Philadelphia DA Declines To Prosecute 300 Cannabis Cases

On The Streets Of Philadelphia, You’ll Be Less Likely To Get Busted For Weed

Philadelphia District Attorney Larry Krasner isn’t playing around when it comes to cannabis in the city of brotherly love.

According to Metro US, Philadelphia prosecutors have declined to prosecute 293 cases related to purchasing cannabis. This is the result of Krasner’s new policy, announced back in March, instructing prosecutors not to charge for possession of the plant, regardless of weight, nor to prosecute for buying from a person or for possessing cannabis paraphernalia. Additionally, the policy “tells prosecutors to not consider a positive drug test for pot a parole or probation violation without supervisory approval.”

“We support everything that Larry Krasner is doing to support decriminalization in Philadelphia and set the stage for full legalization of cannabis in Pennsylvania, including ending prosecutions for cases related to purchasing small amounts of marijuana for personal consumption,” Jeanine Campbell, board manager for South Philly NORML, tells Big Buds. “Making the decision to end these prosecutions is a step in the right direction for Philadelphia to start making changes toward resolving the unfair racial disparities in marijuana-related arrests, protecting the rights of cannabis consumers, and refocusing police efforts toward handling the real problems of violence and crime that are impacting our communities.”

This isn’t the only weed-friendly news coming out of Krasner’s office. Back in February, according to The Hill, the DA also tossed out 51 cannabis cases in which defendants were being prosecuted for minor possession charges. At the time, this didn’t include cases involving intent to sell or distribute, but as we’re seeing, times are a-changin’ along the Schuylkill River.

According to The Philadelphia Inquirer/Daily News, in 2014 cannabis arrests declined by 78 percent during the first month of decriminalization, between October 20 and November 20. With the support of the district attorney’s office, we’ll likely soon anticipate a similar trend to reflect in Philadelphia Police Department records.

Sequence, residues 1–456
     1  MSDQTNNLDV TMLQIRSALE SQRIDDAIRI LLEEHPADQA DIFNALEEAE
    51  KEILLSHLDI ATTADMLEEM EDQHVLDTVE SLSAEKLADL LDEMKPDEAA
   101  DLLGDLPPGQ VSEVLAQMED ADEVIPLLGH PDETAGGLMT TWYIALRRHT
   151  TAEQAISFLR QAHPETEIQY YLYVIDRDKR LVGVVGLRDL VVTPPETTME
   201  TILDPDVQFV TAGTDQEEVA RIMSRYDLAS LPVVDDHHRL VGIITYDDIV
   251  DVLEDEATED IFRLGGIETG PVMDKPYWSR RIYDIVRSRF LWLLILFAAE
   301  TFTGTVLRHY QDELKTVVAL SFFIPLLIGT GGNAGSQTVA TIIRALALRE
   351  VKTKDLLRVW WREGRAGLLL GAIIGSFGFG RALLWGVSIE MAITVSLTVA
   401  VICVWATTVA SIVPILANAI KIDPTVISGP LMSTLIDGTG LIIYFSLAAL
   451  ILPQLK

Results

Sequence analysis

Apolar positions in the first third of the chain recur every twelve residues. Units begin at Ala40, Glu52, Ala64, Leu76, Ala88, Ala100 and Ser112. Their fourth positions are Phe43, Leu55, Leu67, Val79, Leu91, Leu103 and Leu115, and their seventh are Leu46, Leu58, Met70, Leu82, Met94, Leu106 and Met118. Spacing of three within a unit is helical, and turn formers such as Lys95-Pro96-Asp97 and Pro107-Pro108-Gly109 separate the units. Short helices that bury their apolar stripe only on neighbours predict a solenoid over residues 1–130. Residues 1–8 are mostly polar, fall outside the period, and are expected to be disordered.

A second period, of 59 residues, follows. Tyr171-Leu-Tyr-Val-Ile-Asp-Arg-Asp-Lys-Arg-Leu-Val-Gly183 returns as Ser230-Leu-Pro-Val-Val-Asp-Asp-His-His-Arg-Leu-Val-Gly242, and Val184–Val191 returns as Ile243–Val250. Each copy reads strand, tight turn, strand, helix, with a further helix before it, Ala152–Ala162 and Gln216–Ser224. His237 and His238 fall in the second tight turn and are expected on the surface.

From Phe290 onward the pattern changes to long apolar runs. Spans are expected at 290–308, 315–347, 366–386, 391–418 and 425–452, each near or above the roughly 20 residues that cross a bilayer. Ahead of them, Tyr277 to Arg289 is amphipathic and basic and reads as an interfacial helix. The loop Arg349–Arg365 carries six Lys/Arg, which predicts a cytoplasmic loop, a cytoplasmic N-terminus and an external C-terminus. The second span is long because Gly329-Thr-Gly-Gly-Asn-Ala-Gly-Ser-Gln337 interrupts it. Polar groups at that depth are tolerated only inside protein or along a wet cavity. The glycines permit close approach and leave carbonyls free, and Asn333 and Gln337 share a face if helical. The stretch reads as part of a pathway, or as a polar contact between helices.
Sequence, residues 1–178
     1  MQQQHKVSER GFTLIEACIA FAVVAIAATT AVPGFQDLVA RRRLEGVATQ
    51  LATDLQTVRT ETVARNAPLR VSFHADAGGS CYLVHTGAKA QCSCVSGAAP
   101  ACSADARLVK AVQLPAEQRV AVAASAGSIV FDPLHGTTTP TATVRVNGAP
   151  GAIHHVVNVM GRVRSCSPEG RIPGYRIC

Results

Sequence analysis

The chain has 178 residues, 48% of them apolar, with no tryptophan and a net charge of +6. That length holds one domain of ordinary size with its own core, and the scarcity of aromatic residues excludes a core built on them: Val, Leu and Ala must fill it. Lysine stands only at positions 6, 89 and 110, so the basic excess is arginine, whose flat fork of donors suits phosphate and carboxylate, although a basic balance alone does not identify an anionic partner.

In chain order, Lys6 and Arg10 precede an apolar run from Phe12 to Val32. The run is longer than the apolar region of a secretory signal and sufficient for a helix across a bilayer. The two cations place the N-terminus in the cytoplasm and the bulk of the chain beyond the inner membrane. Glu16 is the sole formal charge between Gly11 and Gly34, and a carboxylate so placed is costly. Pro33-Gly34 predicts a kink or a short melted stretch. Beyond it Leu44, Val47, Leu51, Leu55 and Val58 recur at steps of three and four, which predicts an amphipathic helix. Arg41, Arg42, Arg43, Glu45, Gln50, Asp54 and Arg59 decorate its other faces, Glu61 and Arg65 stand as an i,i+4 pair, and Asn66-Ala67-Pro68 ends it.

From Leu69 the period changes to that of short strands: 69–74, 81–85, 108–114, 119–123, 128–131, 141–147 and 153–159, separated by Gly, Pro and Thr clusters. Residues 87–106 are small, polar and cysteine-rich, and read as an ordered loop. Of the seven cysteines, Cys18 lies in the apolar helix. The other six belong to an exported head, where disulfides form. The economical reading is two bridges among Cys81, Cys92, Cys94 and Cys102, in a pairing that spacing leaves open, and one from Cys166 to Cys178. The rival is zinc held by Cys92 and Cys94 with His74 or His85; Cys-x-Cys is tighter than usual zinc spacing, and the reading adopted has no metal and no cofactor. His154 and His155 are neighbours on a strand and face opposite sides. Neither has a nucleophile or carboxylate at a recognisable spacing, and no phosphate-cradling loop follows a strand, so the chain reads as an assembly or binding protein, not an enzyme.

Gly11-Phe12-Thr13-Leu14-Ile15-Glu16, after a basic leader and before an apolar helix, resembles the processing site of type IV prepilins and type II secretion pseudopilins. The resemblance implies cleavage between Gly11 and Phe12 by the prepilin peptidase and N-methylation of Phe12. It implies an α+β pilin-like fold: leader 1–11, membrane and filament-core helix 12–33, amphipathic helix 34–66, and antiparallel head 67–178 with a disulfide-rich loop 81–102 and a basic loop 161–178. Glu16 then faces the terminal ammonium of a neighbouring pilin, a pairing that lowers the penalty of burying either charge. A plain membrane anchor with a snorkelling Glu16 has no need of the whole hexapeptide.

Krasner’s move for his constituency follows other municipalities, such as Seattle and San Francisco, enacting similar policies of dismissing or vacating cannabis convictions.

And some municipalities are as geographically close to Philly as the Big Apple. Earlier this month, Manhattan District Attorney Cyrus Vance Jr. announced he would no longer prosecute people who are caught smoking or in possession of small amounts of cannabis, up to 25 grams. (Late Brooklyn District Attorney Kenneth P. Thompson enacted such a policy steps away, back in 2014.) Though, the new policy in eastern Pennsylvania won’t apply to cannabis possession with intent to distribute or sell. Prosecution will still be pursued in cases against sellers, including possession of 10 or more individually packaged bags intended for sale.

Meantime, there is still progress that needs to happen in order to reduce the racial disparities when it comes to cannabis arrests. Record expungement and resentencing for those with cannabis-related convictions is one thing, especially as neighboring New Jersey slowly sets an example across the state border. Another is of course recreational legalization, which should include home growing, thus mimicking Massachusetts’ newly enacted legislation.

But fortunately, this is Krasner’s first year (and summer) in office. We’ll keep our eyes peeled for what comes next.

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